Emma Smith: Why Do We Still Burn Books?

Wed. Mar 22, 2023 6:30pm - 7:30pm EDT
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The Professor of Shakespeare Studies at Oxford University lectures on the history of book-burning from the ancient Mediterranean to Margaret Atwood.

“Book burning for ideological reasons is almost as old as the book form itself,” writes Emma Smith in her new book, Portable Magic: A History of Books and Their Readers. It “is a highly emotive trope and is... compelling for those who burn and those who deplore it. But, in itself, burning a book is irrelevant.” Debating the practical implications of burning books against their symbolic power, Smith lectures on items, including some in the Library’s Treasures exhibition, to examine this peculiar corner in the history of censorship and the talismanic power of books.

To join the event in-person | Doors will open 30 minutes before the program begins. For free events, we generally overbook to ensure a full house. Priority will be given to those who have registered in advance, but registration does not guarantee admission. All registered seats are released shortly before start time, and seats may become available at that time. A standby line will form 30 minutes before the program.

To join the livestream | A livestream of this event will be available on the NYPL event page. To receive an email reminder shortly in advance of the event, please be sure to register! If you encounter any issues, please join us on NYPL's YouTube channel.


Be sure to visit the Polonsky Exhibition of The New York Public Library's Treasures, the Library’s first-ever permanent exhibition highlighting our world-renowned research collections. To register and learn more about the exhibition, which features rare and beautiful astronomical books, charts, and artwork, click here


Emma Smith headshot courtesy Emma SmithEmma Smith teaches Shakespeare at the University of Oxford, England. She is the author of This Is Shakespeare (2019), a Times Book of the Year. She works with theatre companies including the Royal Shakespeare Company and is the Sam Wanamaker Fellow at Shakespeare’s Globe, London, for 2023. Her interests–as well as books, of course–are silent films, birdwatching, and fast cars.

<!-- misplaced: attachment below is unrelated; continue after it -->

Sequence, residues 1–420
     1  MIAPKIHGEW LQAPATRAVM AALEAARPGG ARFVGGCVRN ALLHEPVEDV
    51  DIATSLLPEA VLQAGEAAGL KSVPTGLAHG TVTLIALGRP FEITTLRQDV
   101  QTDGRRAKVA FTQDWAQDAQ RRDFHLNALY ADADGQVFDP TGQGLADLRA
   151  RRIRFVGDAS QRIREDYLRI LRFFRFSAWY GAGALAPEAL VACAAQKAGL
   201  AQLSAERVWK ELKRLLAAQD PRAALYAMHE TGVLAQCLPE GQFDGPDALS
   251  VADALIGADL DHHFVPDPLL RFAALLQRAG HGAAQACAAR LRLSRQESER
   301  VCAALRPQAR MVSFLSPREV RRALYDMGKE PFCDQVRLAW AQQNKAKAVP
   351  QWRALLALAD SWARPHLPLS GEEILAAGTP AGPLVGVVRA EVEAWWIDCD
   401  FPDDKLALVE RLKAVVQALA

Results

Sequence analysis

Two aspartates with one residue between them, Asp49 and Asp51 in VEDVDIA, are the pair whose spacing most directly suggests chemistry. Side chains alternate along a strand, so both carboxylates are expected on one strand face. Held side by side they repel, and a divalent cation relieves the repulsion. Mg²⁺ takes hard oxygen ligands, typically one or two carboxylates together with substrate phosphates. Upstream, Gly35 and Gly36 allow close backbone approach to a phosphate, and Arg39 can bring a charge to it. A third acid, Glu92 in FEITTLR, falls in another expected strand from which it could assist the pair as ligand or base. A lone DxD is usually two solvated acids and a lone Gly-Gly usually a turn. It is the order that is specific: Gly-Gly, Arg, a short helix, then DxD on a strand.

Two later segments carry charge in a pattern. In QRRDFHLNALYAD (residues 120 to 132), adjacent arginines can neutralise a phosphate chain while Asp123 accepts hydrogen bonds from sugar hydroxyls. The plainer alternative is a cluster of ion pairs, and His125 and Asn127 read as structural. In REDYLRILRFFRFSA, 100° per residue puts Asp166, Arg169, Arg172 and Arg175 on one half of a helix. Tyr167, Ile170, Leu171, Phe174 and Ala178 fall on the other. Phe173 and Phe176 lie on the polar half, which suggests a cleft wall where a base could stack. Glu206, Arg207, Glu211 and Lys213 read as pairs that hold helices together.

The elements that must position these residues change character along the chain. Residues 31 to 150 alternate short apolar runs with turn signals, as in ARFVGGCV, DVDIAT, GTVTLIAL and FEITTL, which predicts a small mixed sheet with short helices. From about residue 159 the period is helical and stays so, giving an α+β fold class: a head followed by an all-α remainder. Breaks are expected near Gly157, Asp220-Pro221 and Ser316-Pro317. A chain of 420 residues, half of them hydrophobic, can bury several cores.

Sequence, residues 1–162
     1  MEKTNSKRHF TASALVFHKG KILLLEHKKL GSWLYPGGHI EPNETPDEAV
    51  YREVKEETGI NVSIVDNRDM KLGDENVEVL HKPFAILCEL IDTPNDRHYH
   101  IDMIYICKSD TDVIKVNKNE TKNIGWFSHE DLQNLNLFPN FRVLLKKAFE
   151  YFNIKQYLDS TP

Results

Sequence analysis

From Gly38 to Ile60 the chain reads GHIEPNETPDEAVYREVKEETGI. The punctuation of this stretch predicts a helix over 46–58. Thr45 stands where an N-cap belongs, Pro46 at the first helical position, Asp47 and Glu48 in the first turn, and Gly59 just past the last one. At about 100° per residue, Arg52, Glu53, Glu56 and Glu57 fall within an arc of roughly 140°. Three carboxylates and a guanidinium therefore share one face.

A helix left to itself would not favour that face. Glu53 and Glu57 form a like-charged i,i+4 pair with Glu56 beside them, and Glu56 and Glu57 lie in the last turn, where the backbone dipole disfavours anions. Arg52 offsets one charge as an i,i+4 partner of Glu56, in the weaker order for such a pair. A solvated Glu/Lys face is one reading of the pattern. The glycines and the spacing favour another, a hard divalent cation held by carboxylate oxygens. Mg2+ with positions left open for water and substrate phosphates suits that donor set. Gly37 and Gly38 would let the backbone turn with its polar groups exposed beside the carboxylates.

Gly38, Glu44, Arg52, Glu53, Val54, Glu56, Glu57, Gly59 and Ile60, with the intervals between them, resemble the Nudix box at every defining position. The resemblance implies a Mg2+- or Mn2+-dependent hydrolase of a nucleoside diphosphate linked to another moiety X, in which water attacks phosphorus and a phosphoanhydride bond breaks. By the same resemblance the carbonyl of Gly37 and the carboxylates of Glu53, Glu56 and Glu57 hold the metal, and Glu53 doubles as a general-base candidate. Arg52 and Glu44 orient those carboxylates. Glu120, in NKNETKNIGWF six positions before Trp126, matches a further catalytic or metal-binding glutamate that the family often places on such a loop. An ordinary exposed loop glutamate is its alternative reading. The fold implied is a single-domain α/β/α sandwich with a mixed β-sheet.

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If you have symptoms consistent with COVID-19 or suspect you have been in close contact with someone who has tested positive, please stay home.


In-Person | Assistive listening devices and/or hearing loops are available at the venue. You can request a free ASL (American Sign Language) interpretation or CART (Communication Access Real-Time Translation) captioning service by emailing your request at least two weeks in advance of the event: email accessibility@nypl.org or use this Gmail template. This venue is fully accessible to wheelchairs. 

Livestream | Captions and a transcript will be provided. Media used over the course of the conversation will be accompanied by alt text and/or audio description. You can request a free ASL (American Sign Language) interpretation by emailing your request at least two weeks in advance of the event: email accessibility@nypl.org or use this Gmail template.



Please submit all press inquiries to Sara Beth Joren at least 48 hours before the event: email sarabethjoren@nypl.org or use this Gmail template.

For all other questions and inquiries, please email publicprograms@nypl.org or use this Gmail template.

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LIVE from NYPL is made possible by the continuing generosity of Celeste Bartos, Mahnaz Ispahani Bartos and Adam Bartos, the Margaret and Herman Sokol Public Education Endowment Fund, and the support of Library patrons and friends.

Treasures programming is made possible by the Estate of Helen Sisserson.

Courtesy Emma Smith

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Wachenheim Trustees Room (2nd Floor) The New York Public Library, Stephen A. Schwarzman Building, 42nd Street & 5th Avenue
New York, NY 10018